The Right of States to Self-Defence Against Non-Governmental Armed Groups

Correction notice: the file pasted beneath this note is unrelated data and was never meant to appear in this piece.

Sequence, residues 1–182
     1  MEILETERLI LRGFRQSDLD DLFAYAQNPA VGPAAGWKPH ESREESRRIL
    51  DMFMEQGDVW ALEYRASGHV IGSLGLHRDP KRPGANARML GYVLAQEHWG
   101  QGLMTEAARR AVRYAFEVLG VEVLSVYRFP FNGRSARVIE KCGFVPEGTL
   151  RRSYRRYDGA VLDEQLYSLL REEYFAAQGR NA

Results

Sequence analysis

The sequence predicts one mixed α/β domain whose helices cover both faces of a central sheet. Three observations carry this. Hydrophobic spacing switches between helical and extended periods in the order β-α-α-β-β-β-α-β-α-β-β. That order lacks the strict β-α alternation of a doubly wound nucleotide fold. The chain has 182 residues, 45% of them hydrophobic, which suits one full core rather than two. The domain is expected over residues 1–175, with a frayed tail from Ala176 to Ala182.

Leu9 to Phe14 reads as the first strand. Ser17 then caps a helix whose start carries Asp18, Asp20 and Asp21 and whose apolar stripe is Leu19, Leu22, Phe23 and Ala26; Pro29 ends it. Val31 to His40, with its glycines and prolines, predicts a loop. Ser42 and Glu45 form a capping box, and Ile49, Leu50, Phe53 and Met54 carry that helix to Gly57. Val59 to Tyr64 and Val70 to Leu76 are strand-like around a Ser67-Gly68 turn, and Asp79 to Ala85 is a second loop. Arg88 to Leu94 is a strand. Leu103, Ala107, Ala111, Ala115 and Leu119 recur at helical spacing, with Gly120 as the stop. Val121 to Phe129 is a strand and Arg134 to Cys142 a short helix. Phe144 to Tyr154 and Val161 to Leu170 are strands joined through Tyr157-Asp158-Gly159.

The use of force law in traditional international law has been established to govern the legitimacy of armed force between states. This reflects the post-World War II reality and the efforts of the international community to prevent future conflict from recurring. However, during the past few decades, states have been increasingly attacked by non-state armed groups and non-state entities. This raises questions about the adequacy of the traditional legal framework regarding the use of force in modern armed conflicts. Contemporary conflicts with non-state armed groups often conflict with the rules governing the use of force in international law. The legal framework for regulating state conflict with non-state armed groups has not been clearly identified in the UN Charter. Also, the decisions and advisory opinions issued by the International Court of Justice in turn were not clear regarding its position on armed conflicts to which armed groups are a party. In this study, we will examine the current legal framework related to the right to self-defense against attacks by non-governmental armed groups, by studying the concept of this right and explaining the nature of these groups and their international legal personality. The articles on this subject will also be analyzed in the Charter of the United Nations, as well as an analysis and review of judicial rulings and advisory opinions of the International Court of Justice in this field.Key Words (Self-Defense, Non-Governmental Armed Groups, International Legal Personality, UN Charter, Security Council, International Court of Justice)